- The Washington Times - Tuesday, June 24, 2003

U.S. opposition to two planned referendums has fed fears of a “perceived tilt” by the Bush administration toward mainland China, the chairman of Taiwan’s parliamentary foreign affairs committee said in an interview yesterday.

Parris H. Chang, chairman of the Committee on Foreign Relations in Taiwan’s Legislative Yuan and a member of Chen Shui-bian’s Democratic Progressive Party (DPP), said the concerns are widespread among government officials and lawmakers, despite repeated assurances from Washington that there has been no change in policy toward the Republic of China.

“Our government does not want to offend our greatest ally,” he said, “but the concern is rising that there is a perceived tilt toward China. For the United States to oppose a democratic voter referendum because it may displease China, that seems to negate our own statehood.”

The fears are remarkable given the early record of the Bush administration, which took a strongly pro-Taiwan stance in its long-standing dispute with China over the island’s ultimate political status.

The United States has approved a major new arms sale to Taipei and eased travel restrictions on Taiwanese senior leaders visiting the United States. In April 2001, Mr. Bush infuriated Beijing by asserting the United States was prepared to do “whatever it took” to defend Taiwan, going far beyond the more ambiguous formulations preferred by previous administrations.

But the need for Chinese cooperation in the post-September 11 war on terrorism and U.S. efforts to cultivate a new generation of Chinese leadership under Premier Hu Jintao has caused deep unease in Taiwan, said Mr. Chang, who heads a parliamentary delegation that is stressing these concerns to Bush administration officials this week.

“We certainly understand the United States is a great power with global interests and we are a small nation, but the subtle changes we see in the American line are causing great uneasiness,” he said.

Mr. Chen’s plans to hold two nationwide polls in March — one on nuclear power and a second on applying for observer status in the World Health Organization — sparked a rare public rift with Washington.

Taiwanese newspapers reported over the weekend that Douglas Paal, director of the American Institute of Taiwan and the de facto U.S. ambassador to Taipei, had personally pressed Mr. Chen, president of the Republic of China (Taiwan), not to hold the votes.

Although the issues involved are nonpolitical, Beijing has strenuously objected to the referendums, fearing they will prove a dry run for an eventual national vote on independence, which the DPP once advocated.

State Department spokesman Philip T. Reeker would not confirm the Paal-Chen meeting, but signaled that the United States, while supporting democracy in Taiwan, did not support the referendum idea.

Both Taiwan and China should “refrain from actions or statements that increase tension across the [Taiwan] Strait or make dialogue more difficult to achieve,” Mr. Reeker said. “That certainly has been our position for some time.”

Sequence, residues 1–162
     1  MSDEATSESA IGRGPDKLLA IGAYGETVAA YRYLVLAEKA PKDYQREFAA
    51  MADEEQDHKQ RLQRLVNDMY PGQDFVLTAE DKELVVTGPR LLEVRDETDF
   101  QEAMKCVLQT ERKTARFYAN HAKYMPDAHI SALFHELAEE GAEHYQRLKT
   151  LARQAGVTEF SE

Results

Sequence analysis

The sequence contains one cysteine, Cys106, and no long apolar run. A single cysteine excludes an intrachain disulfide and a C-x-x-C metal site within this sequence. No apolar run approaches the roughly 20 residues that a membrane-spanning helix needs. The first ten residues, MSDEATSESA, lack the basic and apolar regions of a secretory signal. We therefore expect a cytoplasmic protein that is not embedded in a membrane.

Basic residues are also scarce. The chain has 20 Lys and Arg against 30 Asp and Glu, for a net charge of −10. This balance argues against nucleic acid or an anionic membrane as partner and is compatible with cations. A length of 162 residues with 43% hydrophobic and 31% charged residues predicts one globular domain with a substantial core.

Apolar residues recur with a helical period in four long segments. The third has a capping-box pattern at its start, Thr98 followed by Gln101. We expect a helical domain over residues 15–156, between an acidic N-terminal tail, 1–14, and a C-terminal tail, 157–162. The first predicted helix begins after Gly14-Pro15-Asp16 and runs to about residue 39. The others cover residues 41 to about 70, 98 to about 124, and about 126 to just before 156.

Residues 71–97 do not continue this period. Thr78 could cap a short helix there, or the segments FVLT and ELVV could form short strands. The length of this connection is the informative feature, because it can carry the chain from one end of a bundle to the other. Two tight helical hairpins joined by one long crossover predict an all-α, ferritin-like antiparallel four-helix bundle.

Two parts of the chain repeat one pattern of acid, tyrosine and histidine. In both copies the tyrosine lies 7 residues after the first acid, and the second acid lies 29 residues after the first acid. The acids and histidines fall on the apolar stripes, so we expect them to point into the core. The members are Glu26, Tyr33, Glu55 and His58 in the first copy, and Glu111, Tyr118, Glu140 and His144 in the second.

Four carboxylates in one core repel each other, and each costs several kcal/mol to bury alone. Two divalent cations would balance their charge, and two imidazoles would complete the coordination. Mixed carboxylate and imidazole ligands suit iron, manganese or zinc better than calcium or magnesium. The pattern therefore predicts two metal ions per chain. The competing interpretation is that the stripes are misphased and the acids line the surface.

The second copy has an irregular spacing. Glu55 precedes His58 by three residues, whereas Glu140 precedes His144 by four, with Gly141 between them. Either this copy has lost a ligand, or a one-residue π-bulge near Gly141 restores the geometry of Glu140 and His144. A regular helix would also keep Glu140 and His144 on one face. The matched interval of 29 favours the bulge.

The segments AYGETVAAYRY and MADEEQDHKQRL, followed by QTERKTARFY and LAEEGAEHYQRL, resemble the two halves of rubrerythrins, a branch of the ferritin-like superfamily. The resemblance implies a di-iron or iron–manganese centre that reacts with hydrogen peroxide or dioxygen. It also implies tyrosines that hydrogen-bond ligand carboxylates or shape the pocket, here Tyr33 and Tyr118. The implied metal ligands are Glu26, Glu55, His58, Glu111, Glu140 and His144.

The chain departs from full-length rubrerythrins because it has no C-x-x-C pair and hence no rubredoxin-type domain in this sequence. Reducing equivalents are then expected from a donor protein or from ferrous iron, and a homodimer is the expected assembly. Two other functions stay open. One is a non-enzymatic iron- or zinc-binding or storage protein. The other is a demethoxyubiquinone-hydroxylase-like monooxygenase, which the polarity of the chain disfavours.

Mr. Chen has vowed to press ahead with the nationwide votes, despite U.S. unhappiness.

“Direct democratic rights, including referendums, are part of our fundamental human rights,” he told voters in the southern city of Kaohsiung over the weekend. “I believe those rights could never be opposed or stripped by any individual, government or country.”

Mr. Hu reportedly expressed his concerns about the referendums directly to Mr. Bush when they met on the sidelines of the Group of Eight summit in Evian, France, earlier this month.

Many of the Bush administration’s own conservative supporters are echoing Mr. Chang’s fears that the United States has moved away from the strongly pro-Taiwan stand of Mr. Bush’s early days in office.

Gary Schmitt, executive director of the neoconservative Project for the American Century, slammed Mr. Paal’s opposition to the referendums, saying it would only encourage hard-liners in Beijing.

“U.S. policy on Taiwan has drifted dangerously close to the mainland’s by viewing Taiwan’s democracy and efforts at self-determination as irresponsible and provocative — rather than normal and admirable for a country of 23 million that has moved from dictatorship to democracy,” he said in an analysis released yesterday.

Taiwan News, an English-language newspaper in Taipei, called this week for the U.S. government to “recall Paal for improperly intervening in Taiwan’s domestic political affairs.”

People’s Daily, which reflects Beijing’s official thinking, said in a recent analysis that U.S. policy on Taiwan under Mr. Bush had followed a “roundabout course” but “has by and large moved back to the policy of the previous six governments.”

In a relationship in which subtle shifts of phrasing can create enormous controversy, Mr. Chang said there have also been other U.S. statements on the Taiwan-China dispute that sparked concern in Taipei.

He also noted that more than two years after Mr. Bush announced the United States would sell Taiwan as many as eight diesel submarines, no shipyard has been found that is able and willing to build the vessels.

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